Of all the scientific breakthroughs of 2016, the discovery of tiny ripples in space-time called gravitational waves, has been picked as the greatest, the highly-respected U.S. journal Science announced Thursday.
The nine other major scientific achievements of 2016 selected by Science included:
* The discovery of an Earth-sized planet orbiting Proxima Centauri, the closest star outside our solar system.
*The victory of a computer program called AlphaGo over the world’s No. 2 Go player in a five-game match.
* Research that eliminating old cells could make mice less prone to some diseases of ageing and even extend their lives by 20
* An experiment that showed great apes have a mind-reading skill that only humans were thought to fully possess.
*The creation of a suite of designer proteins never before seen in nature, setting the stage for novel medicines and materials.
* The production by Japanese researchers of mouse pups from egg cells grown entirely in a lab dish.
* Genome research that most living people outside Africa descend from one great single wave of migration.
* The development by a U.K.-based company, Oxford Nanopore Technologies, of pocket-sized DNA sequencers that enables scientists to do quick on-the-spot sequencing of microbes, even in space.
* The creation of world’s first metamaterial lens, or metalens, that are cheap to produce, thinner than a sheet of paper, and far lighter than glass, an advance hailed as having the potential to revolutionise everything from microscopes to virtual reality displays to cameras, including the ones in your smartphone.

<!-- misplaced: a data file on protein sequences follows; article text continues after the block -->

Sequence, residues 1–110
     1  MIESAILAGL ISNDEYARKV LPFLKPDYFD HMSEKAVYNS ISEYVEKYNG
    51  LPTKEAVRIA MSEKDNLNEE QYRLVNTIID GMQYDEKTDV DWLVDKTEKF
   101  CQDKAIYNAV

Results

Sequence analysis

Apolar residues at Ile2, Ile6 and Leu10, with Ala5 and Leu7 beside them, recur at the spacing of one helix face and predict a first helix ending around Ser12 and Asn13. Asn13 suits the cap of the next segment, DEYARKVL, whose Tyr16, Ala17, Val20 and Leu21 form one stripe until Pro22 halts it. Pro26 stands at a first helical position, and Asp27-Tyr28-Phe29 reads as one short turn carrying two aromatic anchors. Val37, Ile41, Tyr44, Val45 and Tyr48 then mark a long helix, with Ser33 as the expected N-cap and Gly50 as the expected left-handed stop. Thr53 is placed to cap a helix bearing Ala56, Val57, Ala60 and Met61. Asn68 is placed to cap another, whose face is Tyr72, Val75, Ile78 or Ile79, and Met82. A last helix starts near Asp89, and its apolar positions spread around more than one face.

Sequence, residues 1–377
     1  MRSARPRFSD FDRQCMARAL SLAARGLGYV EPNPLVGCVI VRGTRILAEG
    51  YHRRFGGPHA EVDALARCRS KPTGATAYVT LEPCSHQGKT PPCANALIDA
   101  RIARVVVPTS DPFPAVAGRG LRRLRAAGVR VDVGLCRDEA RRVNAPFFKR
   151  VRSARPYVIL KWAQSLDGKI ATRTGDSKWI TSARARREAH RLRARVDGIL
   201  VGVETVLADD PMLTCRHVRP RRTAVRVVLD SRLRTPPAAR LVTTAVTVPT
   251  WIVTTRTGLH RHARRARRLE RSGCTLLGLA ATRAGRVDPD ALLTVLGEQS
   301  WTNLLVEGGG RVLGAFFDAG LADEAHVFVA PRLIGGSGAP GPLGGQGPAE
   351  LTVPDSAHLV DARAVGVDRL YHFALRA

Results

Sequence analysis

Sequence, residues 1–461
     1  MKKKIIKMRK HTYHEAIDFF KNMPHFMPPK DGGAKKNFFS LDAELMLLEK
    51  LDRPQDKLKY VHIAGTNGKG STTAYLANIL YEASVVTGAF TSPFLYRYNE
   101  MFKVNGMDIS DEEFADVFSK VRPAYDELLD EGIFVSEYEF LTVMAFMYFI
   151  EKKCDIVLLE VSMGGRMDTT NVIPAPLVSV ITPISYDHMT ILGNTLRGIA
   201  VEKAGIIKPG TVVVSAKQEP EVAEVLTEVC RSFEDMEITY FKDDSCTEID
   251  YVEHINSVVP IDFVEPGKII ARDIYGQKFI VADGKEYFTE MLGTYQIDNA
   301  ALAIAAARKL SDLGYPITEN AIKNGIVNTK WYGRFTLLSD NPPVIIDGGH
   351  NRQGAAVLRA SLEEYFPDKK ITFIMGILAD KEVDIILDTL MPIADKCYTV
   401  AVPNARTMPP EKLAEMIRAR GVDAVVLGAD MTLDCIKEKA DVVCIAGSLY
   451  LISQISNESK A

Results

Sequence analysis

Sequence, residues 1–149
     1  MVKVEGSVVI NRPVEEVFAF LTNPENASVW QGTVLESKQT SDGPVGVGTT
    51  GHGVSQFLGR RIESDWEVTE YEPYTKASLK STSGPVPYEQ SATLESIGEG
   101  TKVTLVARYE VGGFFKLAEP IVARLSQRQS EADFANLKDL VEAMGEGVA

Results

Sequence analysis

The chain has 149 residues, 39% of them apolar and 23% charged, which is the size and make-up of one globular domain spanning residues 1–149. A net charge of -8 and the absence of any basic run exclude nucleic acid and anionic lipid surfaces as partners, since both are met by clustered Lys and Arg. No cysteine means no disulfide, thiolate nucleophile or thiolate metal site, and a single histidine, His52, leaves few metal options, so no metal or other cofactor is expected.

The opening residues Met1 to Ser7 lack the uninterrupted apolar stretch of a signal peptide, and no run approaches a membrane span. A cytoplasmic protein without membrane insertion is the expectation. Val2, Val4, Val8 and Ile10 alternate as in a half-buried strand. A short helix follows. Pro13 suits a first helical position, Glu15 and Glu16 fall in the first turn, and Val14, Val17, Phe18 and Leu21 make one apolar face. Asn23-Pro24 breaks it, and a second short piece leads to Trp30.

“When the reporters and editors gathered to discuss big news in science, we didn’t take long to pick a Breakthrough of the Year,”Tim Appenzeller, news editor of the Science journal, said in a statement.
“2016 saw lots of fantastic achievements. But the discovery of gravitational waves towered over everything else.”
Gravitational waves were first proposed by Albert Einstein’s theory of general relativity 100 years ago, but it wasn’t until February of this year that scientists with the Laser Interferometer Gravitational-Wave Observatory (LIGO) announced that they had detected its existence for the first time.
The first gravitational wave signal detected by the LIGO team on Sept. 14, 2015 came from the collision of two monstrous black holes 1.3 billion light years away.
“The triumph was hard earned,” Science staff writer Adrian Cho wrote in an accompanying editorial.
“Einstein himself vacillated for decades over whether gravitational waves should exist. Even if they did, the only source Einstein could imagine, two orbiting
stars, would produce waves too feeble to detect.”
Now, with the discovery that “shook the scientific world,” “physicists are eagerly anticipating what may come next, as gravitational waves promise an entirely novel way to peer into the cosmos,” Cho said.